The injection of liquid silicone into human tissue has become a common cosmetic procedure that is often performed by individuals with no medical credentials. While one’s appearance may initially be enhanced, most silicone injections are disfiguring as the silicone migrates, changes shape, or hardens. Furthermore, it can spread hematogenously resulting in a variety of medical and pulmonary complications.
A 25-year-old transsexual (male-to-female) presented with progressive shortness of breath for 4 days, a non-productive cough, and diffuse chest discomfort. She denied fever/chills, hemoptysis, weight loss, or night sweats. Her medical history was significant for asthma and multiple silicone injections for “instant curves” to her hip, thighs, face, and chest in 2001. Since that time, she had experienced mild intermittent dyspnea on exertion. She was on no medications. She denied illicit drug use or alcohol abuse, but had a 30-pack year smoking history. On physical exam she was not in acute respiratory distress. Her vital signs were significant for a temperature of 100.2° F; her oxygen saturation was 94% on room air. She had decreased facial and body hair, and moderate breast and buttocks augmentation. There were clear breath sounds bilaterally. The rest of her physical exam was unremarkable. Chest radiograph showed areas of patchy parenchymal opacities in a peripheral pattern involving the lower lung fields. Laboratory data revealed a normal white blood cell count and differential. Serum chemistry was significant for an elevated lactic dehydrongenase of 1054. Arterial blood gas on room air was pH 7.42, pCO2 39, PaO2 73, and 94% saturation. Cardiac enzymes were normal and rheumatologic work-up was negative. A spiral CT chest was negative for pulmonary embolism, however there was bilateral bulky axillary and mediastinal adenopathy with diffuse pleural thickening and scattered interstitial infiltrates. Lower extremity doppler ultrasonogram was negative. Upon further questioning, the patient revealed she had been massaging her breasts secondary to increasing pain in them. We proceeded to bronchoscopy with transbronchial-biopsy which revealed lung parenchyma showing chronic inflammation and giant cell reaction to foreign particles consistent with what would be seen in silicone pneumonitis. The BAL was negative for any infectious process. At that time a surgical consult was placed and the patient was advised to have a radical bilateral mastectomy.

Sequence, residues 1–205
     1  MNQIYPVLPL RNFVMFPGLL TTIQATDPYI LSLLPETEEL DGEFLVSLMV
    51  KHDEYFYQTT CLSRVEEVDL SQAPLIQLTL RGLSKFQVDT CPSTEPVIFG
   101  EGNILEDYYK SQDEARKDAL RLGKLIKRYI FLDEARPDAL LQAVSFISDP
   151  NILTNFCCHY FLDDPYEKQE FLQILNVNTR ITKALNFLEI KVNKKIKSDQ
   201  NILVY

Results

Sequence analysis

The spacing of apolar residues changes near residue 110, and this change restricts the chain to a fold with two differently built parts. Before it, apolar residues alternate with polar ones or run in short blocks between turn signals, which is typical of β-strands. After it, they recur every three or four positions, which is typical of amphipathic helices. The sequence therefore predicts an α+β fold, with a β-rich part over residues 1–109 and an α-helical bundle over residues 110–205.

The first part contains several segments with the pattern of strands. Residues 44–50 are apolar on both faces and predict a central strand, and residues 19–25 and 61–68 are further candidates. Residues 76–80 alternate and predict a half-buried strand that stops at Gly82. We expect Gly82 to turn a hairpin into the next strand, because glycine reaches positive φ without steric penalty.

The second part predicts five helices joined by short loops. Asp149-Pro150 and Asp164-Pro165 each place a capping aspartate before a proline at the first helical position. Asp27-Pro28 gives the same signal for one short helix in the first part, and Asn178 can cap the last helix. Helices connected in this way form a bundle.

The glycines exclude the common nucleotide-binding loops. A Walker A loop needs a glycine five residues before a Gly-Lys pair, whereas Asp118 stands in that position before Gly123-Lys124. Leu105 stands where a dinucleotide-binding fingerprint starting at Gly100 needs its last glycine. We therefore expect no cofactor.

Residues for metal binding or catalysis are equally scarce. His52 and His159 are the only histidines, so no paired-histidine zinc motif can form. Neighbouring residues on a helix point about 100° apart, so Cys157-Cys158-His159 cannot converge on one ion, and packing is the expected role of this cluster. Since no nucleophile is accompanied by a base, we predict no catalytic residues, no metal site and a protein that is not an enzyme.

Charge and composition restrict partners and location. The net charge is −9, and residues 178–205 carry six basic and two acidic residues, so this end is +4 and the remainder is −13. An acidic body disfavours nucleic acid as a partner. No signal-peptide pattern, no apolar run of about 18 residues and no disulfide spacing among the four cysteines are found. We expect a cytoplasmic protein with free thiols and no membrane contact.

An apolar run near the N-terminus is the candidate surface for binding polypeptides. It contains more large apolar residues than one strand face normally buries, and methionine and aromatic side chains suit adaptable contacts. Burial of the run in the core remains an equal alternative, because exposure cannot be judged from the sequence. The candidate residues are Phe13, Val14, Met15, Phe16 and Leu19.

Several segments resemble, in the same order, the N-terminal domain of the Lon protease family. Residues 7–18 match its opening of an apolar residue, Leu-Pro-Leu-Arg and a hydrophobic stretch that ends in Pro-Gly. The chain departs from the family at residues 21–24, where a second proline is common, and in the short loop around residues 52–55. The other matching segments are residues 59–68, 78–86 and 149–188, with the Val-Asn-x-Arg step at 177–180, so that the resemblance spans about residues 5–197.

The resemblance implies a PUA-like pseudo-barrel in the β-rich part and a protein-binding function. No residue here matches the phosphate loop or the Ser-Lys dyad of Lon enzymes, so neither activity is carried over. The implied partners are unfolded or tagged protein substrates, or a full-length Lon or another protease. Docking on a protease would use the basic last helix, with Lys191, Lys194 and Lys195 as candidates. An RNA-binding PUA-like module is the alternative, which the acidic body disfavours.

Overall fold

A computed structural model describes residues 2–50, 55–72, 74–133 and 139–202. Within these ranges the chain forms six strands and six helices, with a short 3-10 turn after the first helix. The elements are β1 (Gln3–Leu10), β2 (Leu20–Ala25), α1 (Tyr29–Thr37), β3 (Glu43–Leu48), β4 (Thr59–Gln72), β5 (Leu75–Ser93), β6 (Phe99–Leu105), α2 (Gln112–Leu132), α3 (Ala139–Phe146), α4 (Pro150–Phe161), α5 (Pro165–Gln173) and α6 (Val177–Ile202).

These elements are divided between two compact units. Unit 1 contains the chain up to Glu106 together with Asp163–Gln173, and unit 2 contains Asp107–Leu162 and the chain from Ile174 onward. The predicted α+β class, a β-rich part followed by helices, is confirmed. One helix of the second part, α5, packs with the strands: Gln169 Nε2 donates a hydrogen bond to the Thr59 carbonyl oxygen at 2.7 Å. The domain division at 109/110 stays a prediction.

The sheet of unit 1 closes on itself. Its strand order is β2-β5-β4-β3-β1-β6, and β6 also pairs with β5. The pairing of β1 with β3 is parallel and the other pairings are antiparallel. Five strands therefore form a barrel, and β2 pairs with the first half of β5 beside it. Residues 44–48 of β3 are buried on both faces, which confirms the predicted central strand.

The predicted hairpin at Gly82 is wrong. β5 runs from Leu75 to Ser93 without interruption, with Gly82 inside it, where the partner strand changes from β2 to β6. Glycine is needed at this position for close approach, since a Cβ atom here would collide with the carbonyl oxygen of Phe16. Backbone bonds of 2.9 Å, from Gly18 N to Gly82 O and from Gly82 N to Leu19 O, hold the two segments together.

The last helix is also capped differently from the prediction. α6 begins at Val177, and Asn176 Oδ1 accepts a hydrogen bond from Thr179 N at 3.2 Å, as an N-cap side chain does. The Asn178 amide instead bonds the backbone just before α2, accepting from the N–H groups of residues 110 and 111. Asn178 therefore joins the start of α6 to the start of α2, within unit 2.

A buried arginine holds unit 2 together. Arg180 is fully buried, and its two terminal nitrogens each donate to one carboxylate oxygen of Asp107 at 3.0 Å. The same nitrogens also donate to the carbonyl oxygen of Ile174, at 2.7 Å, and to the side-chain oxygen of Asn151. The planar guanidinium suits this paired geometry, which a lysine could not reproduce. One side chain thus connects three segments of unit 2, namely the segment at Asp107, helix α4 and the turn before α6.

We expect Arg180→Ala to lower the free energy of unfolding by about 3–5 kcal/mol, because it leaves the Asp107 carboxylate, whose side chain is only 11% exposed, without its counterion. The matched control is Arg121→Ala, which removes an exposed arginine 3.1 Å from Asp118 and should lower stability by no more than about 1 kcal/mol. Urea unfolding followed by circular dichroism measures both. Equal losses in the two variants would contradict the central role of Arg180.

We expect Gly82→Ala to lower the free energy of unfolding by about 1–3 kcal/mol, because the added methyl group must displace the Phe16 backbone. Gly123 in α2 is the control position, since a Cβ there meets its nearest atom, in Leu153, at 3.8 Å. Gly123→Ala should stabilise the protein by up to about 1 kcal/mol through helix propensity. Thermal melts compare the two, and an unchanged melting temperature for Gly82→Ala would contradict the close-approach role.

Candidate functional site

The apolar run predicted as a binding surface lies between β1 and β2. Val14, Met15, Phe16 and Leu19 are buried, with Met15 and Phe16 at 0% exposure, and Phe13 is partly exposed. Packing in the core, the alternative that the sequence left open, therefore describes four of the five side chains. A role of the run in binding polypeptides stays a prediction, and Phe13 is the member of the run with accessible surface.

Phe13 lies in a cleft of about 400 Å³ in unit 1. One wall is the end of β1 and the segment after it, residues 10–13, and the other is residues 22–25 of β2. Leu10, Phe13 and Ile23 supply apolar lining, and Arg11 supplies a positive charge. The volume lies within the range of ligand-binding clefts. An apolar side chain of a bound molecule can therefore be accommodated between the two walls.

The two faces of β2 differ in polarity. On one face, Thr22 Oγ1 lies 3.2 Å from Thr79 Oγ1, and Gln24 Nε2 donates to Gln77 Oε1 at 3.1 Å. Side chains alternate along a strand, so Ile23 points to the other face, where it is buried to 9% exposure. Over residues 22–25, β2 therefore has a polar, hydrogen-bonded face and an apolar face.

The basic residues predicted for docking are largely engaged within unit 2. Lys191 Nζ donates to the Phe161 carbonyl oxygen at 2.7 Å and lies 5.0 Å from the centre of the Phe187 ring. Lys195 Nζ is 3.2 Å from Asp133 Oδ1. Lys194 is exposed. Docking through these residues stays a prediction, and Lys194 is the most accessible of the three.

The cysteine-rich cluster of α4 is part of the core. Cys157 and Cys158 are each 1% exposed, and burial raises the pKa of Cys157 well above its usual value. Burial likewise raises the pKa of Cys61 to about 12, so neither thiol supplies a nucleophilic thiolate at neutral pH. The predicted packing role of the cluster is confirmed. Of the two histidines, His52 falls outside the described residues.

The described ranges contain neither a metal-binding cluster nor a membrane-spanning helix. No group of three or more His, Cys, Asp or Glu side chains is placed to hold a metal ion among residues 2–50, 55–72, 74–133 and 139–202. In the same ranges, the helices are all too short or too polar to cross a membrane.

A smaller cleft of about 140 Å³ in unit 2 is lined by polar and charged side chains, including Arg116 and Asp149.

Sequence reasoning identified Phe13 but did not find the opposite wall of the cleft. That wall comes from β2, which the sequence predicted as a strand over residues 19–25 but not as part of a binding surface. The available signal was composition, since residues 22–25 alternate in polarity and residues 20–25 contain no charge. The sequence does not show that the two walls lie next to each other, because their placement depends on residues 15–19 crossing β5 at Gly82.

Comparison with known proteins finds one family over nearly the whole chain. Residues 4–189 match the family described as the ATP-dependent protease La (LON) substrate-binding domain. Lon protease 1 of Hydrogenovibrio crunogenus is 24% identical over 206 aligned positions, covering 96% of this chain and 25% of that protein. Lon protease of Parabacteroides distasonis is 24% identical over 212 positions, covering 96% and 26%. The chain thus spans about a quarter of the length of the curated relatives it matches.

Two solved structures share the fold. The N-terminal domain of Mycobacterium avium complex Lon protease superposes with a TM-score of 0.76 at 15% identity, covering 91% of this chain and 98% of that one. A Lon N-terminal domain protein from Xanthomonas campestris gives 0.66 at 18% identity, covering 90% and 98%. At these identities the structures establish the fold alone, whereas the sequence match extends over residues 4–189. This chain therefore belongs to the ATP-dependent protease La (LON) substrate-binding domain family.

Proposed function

Medical problems may develop immediately, years, or even decades later after subcutaneous silicone injections. Typically, “black-market” silicone is mixed with paraffin, oil, and other non-sterile materials. Massive subcutaneous injections of this highly viscous preparation is especially dangerous when introduced into the breast. Pulmonary complications are due to hematogenous spread and include acute or latent pneumonitis, pulmonary edema, adult respiratory distress syndrome, diffuse alveolar hemorrhage, and pulmonary embolism. Axillary and mediastinal lymphadenopathy may also occur. The demonstration of silicone in cells by a trans-bronchial biopsy, or BAL with atomic absorption and infrared spectrometry is useful in establishing the diagnosis. BAL may also be characterized by increased cellularity, or alveolar macrophages with large pleomorphic cytoplasmic inclusions seen on electron microscopy. Pulmonary function tests often reveal a mild restrictive pattern. If available, MRI may be used to image the spread and complications of injected silicone. Once diagnosed, diverse medical and surgical interventions are recommended to treat the complications including antibiotics, systemic corticosteroids, NSAID’s, local resection, and mastectomy.
Since the 1960’s, the U.S. Food & Drug Administration has warned of the dangers of injected silicone, labeling it an illicit practice. Despite the systemic dangers and risk of disfigurement caused by silicone injection, the practice is still common, especially in the transgendered population. Patients with silicone injections should be followed carefully and warned that severe acute respiratory failure may be induced by local tissue damage or breast massage.
Sonali Sethi, None.